Later this week, Heave will bring you several of its writers’ best movies of 2012 lists. But first, it’s time to look upon the other end of the spectrum, on the movies that were so egregiously bad that they deserve year-end recognition for their own dubious merits. And only one of them stars Taylor Kitsch, because fuck y’all, John Carter was awesome.
When considering the foolproof ratio of “how good movie should’ve been:how good movie actually was,” Prometheus could easily top this list. The only reason this colossally hyped dud isn’t higher is because, for about 15 minutes, Dariusz Wolski’s cinematography is gorgeous enough to fool audiences into thinking they’re watching something other than a terribly conceived, ill-thought-out bit of space horror that fluctuates wildly between unintentional comedy, utter nonsense (what does the black goo actually do?) and plot holes galore, from a geologist getting lost in a cave despite being the designer of its map to Idris Elba turning full-blown suicide pilot in the third act for no goddamn reason. For as much as I’ve defended Lost over time, Prometheus finally made me understand why people hate Damon Lindelof (his awesome Twitter account notwithstanding), and made colossal waste of a rich setup, an able cast and a franchise that can somehow no longer consider Alien: Resurrection its worst installment.
9) Silent Hill: Revelation
I’m not sure exactly what the titular epiphany promised by Silent Hill: Revelation was even after watching it, but frankly, I’m not sure anybody involved did. There are a handful of moderately effective scares to be had, albeit scares largely jacked from a nearly decade-old video game, but they exist in a magical nightmare world where context, logic and anything remotely interesting cease to exist. Michelle Williams doppelganger Adelaide Clemens, as a girl drawn back to the alternate goth carnival universe of Silent Hill, cries and screams a lot but fails to anchor anything happening around her. Granted, that’s a tall order given that even after I left the theater I couldn’t explain what the movie was about. There are talismans that can do something or another and hideous creatures and various members of the Game of Thrones cast placed in mortal peril, but Silent Hill: Revelation occupies the same onscreen space as the Paranormal Activity franchise, a series of disjointed scary moments that fail to compose anything resembling an actual movie.
8 ) Rock of Ages
Or: The only time in 2012 I was seriously, seriously wrong about a movie’s box office prospects. Given the popularity of the Broadway musical on which Rock of Ages was based and the prominent amount of sad middle-aged people in college towns who administer depressing handjobs in bathroom stalls at Motley Crue arena gigs to this day, this seemed like a foolproof formula for box-office gold. However, America rose up, and on the same weekend that they finally told Adam Sandler that enough was enough, they also took a stand against lazy nostalgia. This is the sort of film in which the protagonists (including a disturbingly infantilized Julianne Hough) are written only enough to be a small-town girl living in a lonely world and a city boy from South Detroit, and a generally talented cast that had to use their gifts for the film’s seeming prime directive of making Tom Cruise the most aggressively heterosexual actor currently living. That didn’t really work, and neither did Rock of Ages.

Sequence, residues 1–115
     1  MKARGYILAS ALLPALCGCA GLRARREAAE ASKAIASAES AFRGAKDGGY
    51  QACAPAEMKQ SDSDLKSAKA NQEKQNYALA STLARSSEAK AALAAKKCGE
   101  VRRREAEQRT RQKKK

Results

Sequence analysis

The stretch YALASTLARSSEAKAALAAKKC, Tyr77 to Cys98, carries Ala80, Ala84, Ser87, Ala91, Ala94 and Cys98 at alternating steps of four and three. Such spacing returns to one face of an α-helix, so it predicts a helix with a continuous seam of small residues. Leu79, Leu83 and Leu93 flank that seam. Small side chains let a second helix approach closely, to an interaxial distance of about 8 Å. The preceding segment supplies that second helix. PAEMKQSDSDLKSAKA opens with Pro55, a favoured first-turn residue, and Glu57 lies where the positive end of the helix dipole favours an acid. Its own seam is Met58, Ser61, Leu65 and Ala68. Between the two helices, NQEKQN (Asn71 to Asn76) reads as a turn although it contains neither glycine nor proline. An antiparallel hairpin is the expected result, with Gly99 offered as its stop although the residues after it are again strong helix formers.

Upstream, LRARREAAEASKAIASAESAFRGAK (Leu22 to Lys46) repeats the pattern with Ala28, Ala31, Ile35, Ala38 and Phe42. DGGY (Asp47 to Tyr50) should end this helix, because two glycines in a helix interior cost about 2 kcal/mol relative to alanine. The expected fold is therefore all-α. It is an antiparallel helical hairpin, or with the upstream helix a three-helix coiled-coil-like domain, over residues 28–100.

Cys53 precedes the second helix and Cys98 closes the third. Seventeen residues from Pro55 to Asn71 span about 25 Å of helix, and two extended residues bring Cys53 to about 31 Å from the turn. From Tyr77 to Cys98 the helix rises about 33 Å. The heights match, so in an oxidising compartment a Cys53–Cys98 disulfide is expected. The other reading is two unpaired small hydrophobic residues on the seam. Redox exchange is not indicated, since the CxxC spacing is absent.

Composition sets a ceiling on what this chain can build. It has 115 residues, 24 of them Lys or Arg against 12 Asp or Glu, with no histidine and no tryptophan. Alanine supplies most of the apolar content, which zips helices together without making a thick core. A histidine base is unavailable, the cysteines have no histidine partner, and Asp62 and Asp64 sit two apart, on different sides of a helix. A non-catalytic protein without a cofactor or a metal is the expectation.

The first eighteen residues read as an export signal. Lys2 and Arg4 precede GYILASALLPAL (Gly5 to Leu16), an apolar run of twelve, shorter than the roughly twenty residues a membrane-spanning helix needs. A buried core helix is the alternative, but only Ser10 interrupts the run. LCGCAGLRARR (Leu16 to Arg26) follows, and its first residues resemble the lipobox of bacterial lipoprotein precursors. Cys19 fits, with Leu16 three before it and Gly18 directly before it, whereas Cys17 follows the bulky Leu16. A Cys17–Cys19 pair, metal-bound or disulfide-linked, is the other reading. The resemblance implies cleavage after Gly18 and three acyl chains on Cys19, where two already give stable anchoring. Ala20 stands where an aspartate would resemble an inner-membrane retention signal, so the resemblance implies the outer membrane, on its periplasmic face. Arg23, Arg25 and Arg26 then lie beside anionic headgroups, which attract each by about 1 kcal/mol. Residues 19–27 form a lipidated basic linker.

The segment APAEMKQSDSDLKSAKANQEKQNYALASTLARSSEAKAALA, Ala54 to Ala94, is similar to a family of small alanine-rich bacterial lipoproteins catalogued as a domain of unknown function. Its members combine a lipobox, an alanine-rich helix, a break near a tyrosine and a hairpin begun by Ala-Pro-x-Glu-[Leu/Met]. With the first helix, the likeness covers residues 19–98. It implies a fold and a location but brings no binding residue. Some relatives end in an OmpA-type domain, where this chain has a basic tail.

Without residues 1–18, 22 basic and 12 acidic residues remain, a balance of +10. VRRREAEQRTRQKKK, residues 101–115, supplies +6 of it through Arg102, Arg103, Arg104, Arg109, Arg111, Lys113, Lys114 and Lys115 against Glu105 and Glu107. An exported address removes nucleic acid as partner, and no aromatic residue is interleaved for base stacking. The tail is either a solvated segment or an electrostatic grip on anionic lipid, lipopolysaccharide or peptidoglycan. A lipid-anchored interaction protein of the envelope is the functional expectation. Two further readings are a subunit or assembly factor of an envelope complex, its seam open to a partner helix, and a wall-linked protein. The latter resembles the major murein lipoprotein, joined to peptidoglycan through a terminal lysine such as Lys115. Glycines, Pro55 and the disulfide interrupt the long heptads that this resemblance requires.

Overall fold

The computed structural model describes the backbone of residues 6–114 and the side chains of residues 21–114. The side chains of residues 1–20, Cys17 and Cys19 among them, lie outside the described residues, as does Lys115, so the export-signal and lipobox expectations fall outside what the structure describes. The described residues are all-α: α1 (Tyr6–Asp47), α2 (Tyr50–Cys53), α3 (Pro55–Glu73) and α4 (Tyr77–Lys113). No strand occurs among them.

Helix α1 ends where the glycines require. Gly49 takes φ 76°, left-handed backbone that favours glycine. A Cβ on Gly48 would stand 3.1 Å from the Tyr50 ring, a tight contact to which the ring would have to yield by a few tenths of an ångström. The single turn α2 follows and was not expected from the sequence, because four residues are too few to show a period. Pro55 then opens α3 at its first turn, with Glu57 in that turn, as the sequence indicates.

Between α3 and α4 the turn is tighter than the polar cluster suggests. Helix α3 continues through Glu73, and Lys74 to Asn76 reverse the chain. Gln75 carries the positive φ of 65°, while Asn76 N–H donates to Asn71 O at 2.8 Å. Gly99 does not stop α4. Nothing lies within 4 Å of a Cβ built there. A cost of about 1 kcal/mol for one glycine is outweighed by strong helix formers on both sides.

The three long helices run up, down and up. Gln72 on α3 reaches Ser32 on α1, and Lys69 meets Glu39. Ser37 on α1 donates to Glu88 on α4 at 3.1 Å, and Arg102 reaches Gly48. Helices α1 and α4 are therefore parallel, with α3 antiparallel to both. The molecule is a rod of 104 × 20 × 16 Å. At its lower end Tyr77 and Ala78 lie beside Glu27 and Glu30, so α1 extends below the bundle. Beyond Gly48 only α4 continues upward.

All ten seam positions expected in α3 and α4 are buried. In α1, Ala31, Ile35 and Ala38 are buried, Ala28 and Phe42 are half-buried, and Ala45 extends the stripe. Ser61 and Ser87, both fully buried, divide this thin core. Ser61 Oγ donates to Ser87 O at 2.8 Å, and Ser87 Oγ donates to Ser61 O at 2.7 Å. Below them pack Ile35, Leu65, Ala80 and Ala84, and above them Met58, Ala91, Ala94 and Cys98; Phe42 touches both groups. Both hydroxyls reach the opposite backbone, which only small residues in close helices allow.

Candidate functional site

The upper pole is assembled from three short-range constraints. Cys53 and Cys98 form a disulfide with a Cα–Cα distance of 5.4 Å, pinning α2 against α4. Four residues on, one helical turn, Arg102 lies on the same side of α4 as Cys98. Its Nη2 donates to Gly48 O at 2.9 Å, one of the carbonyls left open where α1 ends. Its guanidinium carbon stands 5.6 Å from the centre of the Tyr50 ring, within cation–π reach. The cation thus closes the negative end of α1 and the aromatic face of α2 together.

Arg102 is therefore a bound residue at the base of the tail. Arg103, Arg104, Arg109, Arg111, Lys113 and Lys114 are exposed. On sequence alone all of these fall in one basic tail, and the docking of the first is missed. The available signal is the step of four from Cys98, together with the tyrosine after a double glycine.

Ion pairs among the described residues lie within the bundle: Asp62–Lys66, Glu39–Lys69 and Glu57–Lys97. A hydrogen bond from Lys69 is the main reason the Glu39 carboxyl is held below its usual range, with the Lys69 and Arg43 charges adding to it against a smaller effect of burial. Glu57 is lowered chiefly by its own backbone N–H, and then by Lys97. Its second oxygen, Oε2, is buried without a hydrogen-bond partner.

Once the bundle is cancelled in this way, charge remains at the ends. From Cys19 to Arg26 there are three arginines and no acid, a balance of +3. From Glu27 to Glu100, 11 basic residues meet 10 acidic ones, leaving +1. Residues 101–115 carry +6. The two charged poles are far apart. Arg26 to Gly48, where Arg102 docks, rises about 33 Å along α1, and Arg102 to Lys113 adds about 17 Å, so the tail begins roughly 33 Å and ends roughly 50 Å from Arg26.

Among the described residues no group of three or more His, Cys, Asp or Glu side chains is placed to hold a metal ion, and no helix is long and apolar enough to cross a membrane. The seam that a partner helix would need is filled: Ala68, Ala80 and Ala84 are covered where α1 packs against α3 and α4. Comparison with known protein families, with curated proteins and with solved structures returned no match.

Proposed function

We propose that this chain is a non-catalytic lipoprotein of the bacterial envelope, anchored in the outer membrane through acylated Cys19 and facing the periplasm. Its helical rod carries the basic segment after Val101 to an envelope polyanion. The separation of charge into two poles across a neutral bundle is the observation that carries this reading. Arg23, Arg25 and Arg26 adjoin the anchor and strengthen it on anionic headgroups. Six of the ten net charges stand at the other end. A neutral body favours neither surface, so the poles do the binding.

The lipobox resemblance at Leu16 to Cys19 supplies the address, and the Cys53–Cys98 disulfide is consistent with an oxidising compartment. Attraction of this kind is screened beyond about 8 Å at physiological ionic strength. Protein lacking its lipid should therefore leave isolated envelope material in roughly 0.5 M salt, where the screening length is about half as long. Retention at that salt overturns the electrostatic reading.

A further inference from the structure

7) The Apparition
The existence of movies like The Apparition transcends the stuff of excellent Paul Scheer podcasts and moves into the realm of making audiences despise anybody who can actually make it to the level of being handed the reins of a studio movie, even a throwaway horror flick, and then fuck it up so thoroughly. Though the premise itself was basically dead in the water (suburban horror meets half-assed found footage meets a series of young actors betting on the wrong horse), nobody involved does anything to take the film even into the realm of camp. Instead, the film is a disjointed slog, the writing feels like a first draft and Ashley Greene doesn’t get to put across the magnetism she managed over the Twilight franchise’s run. Unlike Jonah Hex, another Warner Brothers production that probably shouldn’t have been released but failed with glorious vigor, The Apparition is merely a reminder that dozens of talented indie horror filmmakers struggle to get their films released every year, only to come out in limited release or less and watch as dreck like this is rolled out in hundreds of theaters.
6) The Dictator
The ratio mentioned for Prometheus could also work here, in the case of Sacha Baron Cohen’s continued quest to ruin all the goodwill he generated with audiences with the brilliant Borat. First, there was Bruno, which was Borat with a lot more contempt for its protagonist, and now there’s The Dictator, which steps away from the Candid Camera format to reveal that apparently Cohen has recently forgotten how to write comedy that aims any higher than “bits Dane Cook probably cut from his act.” As both a creative mind and an actor (his Peter Sellers-style work in Hugo went sorely unsung last year), Cohen is better than this, a film that shoots endlessly at the slowest fish in the smallest barrels. From “feminists/the Kardashians sure are hairy!” jokes to a lot of terrorism-related gags that fall into the unpleasant trap of mocking not-Americans a lot harder than terrorists themselves, The Dictator is lazy comedy at its most glaring, all the more so because of a cast and crew that really should’ve known better.
5) Alex Cross